Cost Structure and Revenue Streams in the Business Model Canvas:
What benefits are my customers willing to pay for? And how much? Are there comparable products/services? What are the revenue streams there? How much does each revenue source contribute to total revenue? How do your customers pay today? Would they rather pay differently? What proportion does each source of income contribute to the total? What is the cost structure based on the plans to date? Which key resources and key activities are the cost drivers? Which costs can you reduce or even save? What do your fixed and marginal costs look like?

More than the cost structure, the cost efficiency and flexibility is decisive. In addition, important business model elements such as scaling, pricing, and provisioning are missing entirely. Meta-factors such as positioning must also be included in a business model description.


For superficial design and discussion of simple business models, the Business Model Canvas is well usable. Osterwalder’s model is rarely sufficient for complex business models, especially of existing companies and not just start-ups. The main arguments summarized.

Strengths of the Business Model Canvas

  • First widely used model for the description of business models
  • Very simple and therefore easy to use
  • Usable free of charge under the “Creative Commons” license

Weaknesses of the Business Model Canvas

  • Some fields include very different elements of a business model
  • Some essential elements of a business model are missing
  • Rarely sufficient for larger companies and more complex business models


The Business Model Generator is our extended model for business models with five core questions and 24 fields that we believe are needed for adult businesses. The five core questions form the starting point for the discussion and description of the business model. For each of the five core questions, there are then clearly defined elements to describe. These form the universal structure for your business model.

The five core questions of a business model are, based on the customers:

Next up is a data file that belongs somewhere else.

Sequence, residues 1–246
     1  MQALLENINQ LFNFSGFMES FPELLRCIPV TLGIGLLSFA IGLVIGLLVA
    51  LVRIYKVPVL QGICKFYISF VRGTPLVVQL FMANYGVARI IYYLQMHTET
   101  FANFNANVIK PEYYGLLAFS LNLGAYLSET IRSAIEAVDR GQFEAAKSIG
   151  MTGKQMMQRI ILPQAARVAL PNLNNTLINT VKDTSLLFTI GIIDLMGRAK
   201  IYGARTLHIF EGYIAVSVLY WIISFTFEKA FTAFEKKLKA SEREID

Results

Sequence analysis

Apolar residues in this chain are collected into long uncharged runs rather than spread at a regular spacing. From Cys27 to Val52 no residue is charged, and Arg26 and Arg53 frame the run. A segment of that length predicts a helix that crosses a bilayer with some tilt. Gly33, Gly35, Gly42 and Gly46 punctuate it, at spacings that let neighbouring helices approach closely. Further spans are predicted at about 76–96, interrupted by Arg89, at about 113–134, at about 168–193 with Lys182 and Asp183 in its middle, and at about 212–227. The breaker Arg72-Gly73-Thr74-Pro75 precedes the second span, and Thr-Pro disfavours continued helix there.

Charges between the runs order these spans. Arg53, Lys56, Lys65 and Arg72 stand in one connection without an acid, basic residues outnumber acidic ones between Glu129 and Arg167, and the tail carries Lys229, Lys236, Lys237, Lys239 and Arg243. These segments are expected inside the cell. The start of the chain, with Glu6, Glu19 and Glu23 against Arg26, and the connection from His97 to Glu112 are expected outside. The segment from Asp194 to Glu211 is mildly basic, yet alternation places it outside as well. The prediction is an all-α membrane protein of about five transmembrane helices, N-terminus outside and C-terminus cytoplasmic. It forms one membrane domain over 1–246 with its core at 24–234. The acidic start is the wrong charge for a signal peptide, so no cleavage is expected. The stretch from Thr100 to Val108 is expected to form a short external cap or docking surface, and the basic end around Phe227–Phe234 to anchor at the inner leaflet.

1. Who do we provide value to?
    • Ikea focuses on the people who are willing to trade your time for a savings in money. They are deliberately not aimed at those who want to trade their money for time savings.
    • Dacia’s cars are aimed at people who are completely indifferent to prestige in cars. Again, there is a clear strategic choice of who you are there for and who you are not.
  2. What do we run our business for?
    • SpaceX says, “We’re making humanity multiplanetary!”
    • Hubspot says, “We want to make the world inbound!”. Hubspot is therefore against marketing that shouts and against hard-selling. They want to help us attract customers rather than bring them in.
  3. What do we offer to deliver the benefit?
    • Tesla offers attractive electric cars, power storage and photovoltaic products for the promise of sustainable mobility and energy.
    • Ikea offers furniture that is very cheap due to savings in logistics and production and assembly by the customers themselves.
  4. How do we generate and deliver value?
    • Nike does not produce anything itself, but has it produced.
    • Tesla builds 70% of its cars itself, unlike conventional manufacturers who only make about 20% of a car themselves and source the rest from suppliers.
    • Morningstar, Tomatoes, completely dispenses with traditional managers and lets teams make agreements among themselves and organize themselves. Such an organizational principle is also part of the “how?” of a business.
  5. With what do we deliver the benefit?
    • BMW, Daimler and Audi cooperate in the procurement of navigation maps. They bought a provider together.
    • Tesla has long worked with Panasonic as the battery cell manufacturer.
    • Google is financed primarily by advertising revenue.

For adult businesses, it takes more than the Business Model Canvas.
The Business Model Generator consists of 24 elements that answer the following questions:
Who do we provide value to? What do we run our business for? How do we generate and deliver value? With what do we deliver the benefit?
Business Model Generator

Identifying future opportunities in the business model

In addition to describing your business model, the Business Model Generator offers another benefit: the structure is a checklist of the elements in your business model that you need to consider. This way you can make a complete future analysis of your business today. Either think passively: what trends affect the elements of your business model and how? Or actively thinking: How can you leverage trends and technologies to improve elements of your business model?

So when we talk about artificial intelligence, for example, the opportunity question is: In which elements of our business model can we use AI to our advantage? You could use artificial intelligence to better identify your best customers, solve their problems better and more efficiently, provide them with automated and free advice, develop more powerful solutions, make your organization more agile, organize procurement more rationally, and as a basis for all of this, attract an AI skills partner to work with.

Follow these links as well:

► The Future Strategy Program for SMEs

► Free video crash course THE FUTURE OF YOUR BUSINESS
► BUSINESS WARGAMING for robust business and future opportunities
► KEYNOTES by Pero Mićić for your employees and customers

Have a bright future!